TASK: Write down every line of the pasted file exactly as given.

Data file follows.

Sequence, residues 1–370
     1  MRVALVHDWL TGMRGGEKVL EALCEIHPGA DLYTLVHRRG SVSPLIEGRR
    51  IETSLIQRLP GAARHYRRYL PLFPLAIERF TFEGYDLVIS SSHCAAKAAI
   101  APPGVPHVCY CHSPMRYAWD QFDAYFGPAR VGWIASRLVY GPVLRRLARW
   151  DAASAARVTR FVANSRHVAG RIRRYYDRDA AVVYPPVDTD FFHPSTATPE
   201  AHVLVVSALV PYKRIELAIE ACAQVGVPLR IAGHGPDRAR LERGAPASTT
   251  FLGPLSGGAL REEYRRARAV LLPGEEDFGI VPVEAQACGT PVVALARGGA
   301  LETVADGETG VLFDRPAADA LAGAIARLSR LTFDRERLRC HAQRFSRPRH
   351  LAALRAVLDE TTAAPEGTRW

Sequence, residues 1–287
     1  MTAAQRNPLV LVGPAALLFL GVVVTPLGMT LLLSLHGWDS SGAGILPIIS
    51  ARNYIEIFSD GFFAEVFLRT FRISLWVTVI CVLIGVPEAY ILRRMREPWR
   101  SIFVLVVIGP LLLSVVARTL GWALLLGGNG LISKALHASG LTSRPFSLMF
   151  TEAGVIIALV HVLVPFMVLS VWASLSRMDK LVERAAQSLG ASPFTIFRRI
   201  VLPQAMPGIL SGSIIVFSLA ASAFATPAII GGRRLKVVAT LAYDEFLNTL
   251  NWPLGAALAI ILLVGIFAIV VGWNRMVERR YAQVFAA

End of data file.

Sequence, residues 1–370
     1  MRVALVHDWL TGMRGGEKVL EALCEIHPGA DLYTLVHRRG SVSPLIEGRR
    51  IETSLIQRLP GAARHYRRYL PLFPLAIERF TFEGYDLVIS SSHCAAKAAI
   101  APPGVPHVCY CHSPMRYAWD QFDAYFGPAR VGWIASRLVY GPVLRRLARW
   151  DAASAARVTR FVANSRHVAG RIRRYYDRDA AVVYPPVDTD FFHPSTATPE
   201  AHVLVVSALV PYKRIELAIE ACAQVGVPLR IAGHGPDRAR LERGAPASTT
   251  FLGPLSGGAL REEYRRARAV LLPGEEDFGI VPVEAQACGT PVVALARGGA
   301  LETVADGETG VLFDRPAADA LAGAIARLSR LTFDRERLRC HAQRFSRPRH
   351  LAALRAVLDE TTAAPEGTRW

Sequence, residues 1–287
     1  MTAAQRNPLV LVGPAALLFL GVVVTPLGMT LLLSLHGWDS SGAGILPIIS
    51  ARNYIEIFSD GFFAEVFLRT FRISLWVTVI CVLIGVPEAY ILRRMREPWR
   101  SIFVLVVIGP LLLSVVARTL GWALLLGGNG LISKALHASG LTSRPFSLMF
   151  TEAGVIIALV HVLVPFMVLS VWASLSRMDK LVERAAQSLG ASPFTIFRRI
   201  VLPQAMPGIL SGSIIVFSLA ASAFATPAII GGRRLKVVAT LAYDEFLNTL
   251  NWPLGAALAI ILLVGIFAIV VGWNRMVERR YAQVFAA